The National Highway Traffic Safety Administration (NHTA) estimates that 100,000 police-reported crashes are the result of driver fatigue each year.
This results in an approximate 1,550 deaths, 71,000 injuries and $12.5 billion in monetary losses.
Men are more likely to drive while drowsy than women (56% vs. 45%)
Men are almost two times as likely as women to fall asleep while driving (22% vs. 12%).
Adults age 18–39
Adults between 18-29 are more likely to drive while drowsy compared to other age groups
18-29 year olds 71%
30-64 year olds 52%
65+ year olds 19%
Adults who have children in their household are more likely to be a drowsy driver than those without children (59% vs. 45%).
People with sleep apnea syndrome (SAS) and narcolepsy are at risk.
Each year, over 110,000 people are injured and more than 5000 are killed in the United States in auto accidents involving commercial trucks
Crashes that can be attributed to fatigue range from 1%–56%, depending on the data base examined and the level of detail available from crash investigations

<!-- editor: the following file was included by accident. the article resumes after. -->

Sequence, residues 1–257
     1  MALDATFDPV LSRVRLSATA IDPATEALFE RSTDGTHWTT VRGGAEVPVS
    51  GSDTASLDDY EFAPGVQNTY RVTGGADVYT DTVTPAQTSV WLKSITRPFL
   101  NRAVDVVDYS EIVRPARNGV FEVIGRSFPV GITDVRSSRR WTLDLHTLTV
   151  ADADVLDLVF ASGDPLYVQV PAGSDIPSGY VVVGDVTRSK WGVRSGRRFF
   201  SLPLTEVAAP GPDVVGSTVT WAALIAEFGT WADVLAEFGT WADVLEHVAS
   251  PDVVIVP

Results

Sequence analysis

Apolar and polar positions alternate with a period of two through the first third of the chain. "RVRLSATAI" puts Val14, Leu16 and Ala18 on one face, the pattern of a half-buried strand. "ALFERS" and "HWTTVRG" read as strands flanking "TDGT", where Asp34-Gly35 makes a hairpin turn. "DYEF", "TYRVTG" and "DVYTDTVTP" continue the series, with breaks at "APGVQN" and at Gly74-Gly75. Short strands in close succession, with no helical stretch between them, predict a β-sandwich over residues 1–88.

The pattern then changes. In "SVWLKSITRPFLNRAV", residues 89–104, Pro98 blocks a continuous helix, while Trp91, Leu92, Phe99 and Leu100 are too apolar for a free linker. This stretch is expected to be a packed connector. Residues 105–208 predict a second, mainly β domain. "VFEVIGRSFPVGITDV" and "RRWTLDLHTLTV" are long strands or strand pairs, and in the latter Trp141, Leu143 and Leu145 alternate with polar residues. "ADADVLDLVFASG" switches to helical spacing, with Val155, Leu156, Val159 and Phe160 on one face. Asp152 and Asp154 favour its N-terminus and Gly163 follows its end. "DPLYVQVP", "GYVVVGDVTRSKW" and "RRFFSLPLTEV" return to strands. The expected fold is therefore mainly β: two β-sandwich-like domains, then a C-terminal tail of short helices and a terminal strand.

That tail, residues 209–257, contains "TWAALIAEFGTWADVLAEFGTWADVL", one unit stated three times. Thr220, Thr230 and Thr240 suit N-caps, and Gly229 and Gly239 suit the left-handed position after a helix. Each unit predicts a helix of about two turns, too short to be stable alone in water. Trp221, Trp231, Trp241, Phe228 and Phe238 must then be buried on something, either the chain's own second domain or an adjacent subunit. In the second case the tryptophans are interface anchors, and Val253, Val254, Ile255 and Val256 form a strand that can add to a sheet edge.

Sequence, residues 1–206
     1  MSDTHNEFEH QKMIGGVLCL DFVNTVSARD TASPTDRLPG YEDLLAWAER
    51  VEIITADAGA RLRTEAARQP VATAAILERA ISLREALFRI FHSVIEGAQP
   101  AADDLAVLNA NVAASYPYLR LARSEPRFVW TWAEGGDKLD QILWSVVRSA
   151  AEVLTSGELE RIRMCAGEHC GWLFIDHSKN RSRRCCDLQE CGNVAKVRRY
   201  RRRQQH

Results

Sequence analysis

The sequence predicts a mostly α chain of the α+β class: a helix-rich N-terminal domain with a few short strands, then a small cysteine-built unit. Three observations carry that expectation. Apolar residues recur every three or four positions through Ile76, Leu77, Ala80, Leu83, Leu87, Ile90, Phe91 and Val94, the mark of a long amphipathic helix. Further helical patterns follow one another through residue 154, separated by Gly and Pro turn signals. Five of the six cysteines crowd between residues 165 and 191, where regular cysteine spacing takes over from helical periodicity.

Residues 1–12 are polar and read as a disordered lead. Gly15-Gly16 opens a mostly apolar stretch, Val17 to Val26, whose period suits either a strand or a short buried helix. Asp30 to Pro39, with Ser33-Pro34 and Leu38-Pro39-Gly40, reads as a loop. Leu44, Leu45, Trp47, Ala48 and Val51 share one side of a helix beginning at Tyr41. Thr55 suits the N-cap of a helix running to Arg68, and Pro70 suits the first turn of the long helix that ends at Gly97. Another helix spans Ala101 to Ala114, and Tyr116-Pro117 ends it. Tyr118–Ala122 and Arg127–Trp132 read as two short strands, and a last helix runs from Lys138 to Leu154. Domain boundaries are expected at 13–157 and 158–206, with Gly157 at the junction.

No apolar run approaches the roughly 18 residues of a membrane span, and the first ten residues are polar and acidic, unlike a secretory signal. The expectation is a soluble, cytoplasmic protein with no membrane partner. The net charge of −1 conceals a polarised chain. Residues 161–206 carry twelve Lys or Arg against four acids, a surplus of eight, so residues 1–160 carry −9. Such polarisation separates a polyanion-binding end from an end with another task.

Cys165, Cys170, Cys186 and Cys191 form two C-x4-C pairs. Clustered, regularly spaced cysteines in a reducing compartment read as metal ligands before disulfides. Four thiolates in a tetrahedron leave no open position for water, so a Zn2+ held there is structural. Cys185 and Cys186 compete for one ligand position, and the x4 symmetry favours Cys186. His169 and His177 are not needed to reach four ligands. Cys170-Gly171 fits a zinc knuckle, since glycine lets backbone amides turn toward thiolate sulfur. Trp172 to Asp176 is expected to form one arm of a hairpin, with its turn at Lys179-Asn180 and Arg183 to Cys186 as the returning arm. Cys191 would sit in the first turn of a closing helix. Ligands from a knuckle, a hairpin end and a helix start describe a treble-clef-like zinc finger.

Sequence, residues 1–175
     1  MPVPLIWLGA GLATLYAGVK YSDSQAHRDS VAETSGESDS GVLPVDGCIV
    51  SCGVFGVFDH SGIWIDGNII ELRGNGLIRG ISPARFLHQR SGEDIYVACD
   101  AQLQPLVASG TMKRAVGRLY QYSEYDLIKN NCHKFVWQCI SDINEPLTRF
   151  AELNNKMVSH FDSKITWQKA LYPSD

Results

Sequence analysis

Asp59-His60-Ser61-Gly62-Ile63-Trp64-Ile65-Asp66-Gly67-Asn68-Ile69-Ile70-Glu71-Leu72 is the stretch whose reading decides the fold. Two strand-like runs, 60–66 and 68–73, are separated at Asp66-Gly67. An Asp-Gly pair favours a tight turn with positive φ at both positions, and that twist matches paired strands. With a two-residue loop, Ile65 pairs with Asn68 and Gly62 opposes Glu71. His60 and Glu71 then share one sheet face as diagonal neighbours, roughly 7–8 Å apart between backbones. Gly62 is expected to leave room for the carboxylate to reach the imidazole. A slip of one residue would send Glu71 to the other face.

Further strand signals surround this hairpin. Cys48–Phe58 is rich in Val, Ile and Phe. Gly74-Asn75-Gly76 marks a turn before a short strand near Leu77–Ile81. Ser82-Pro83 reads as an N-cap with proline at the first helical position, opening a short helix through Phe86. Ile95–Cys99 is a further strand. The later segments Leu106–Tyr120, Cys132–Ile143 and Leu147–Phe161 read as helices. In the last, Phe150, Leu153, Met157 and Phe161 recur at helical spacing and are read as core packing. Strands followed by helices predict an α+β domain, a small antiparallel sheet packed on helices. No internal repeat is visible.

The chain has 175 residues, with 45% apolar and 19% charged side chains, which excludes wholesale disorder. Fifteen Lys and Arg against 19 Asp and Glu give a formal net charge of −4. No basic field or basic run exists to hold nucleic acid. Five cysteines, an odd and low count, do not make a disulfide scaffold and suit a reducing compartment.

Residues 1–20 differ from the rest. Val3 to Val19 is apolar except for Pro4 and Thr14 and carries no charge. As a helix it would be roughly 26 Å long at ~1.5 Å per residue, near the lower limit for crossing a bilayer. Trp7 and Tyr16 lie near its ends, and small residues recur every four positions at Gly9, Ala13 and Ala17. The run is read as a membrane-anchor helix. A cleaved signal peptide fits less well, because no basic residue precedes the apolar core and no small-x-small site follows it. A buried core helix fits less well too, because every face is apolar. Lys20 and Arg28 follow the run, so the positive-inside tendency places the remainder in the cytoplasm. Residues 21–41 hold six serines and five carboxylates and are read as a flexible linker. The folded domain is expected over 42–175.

Who else is affected?
20% of pilots & 18% of train operators admitted to making a serious error due to fatigue
Time of day matters
Studies show time of day is the most consistent factor influencing driver fatigue and alertness.
A sleep deprived transportation worker is more prone to mistakes and report job performance problems about three times more often
Truck drivers whose sleep is disrupted by working at night or long hours are extremely susceptible to drowsy driving
For every truck driver fatality
another four people are killed
The following data is collected from 74,571 sleep deprived Americans. These are the percentages of adults in each state who reported that they had unintentionally fallen asleep over the previous 30 days.
Read Articles About Sleep Deprivation
Facts and Stats About Drowsy Driving
Bring a passenger
Get a good night's sleep
Drink a caffeinated beverage
Avoid alcohol and medications with drowsiness as a side effect
Don't drive during hours you normal sleep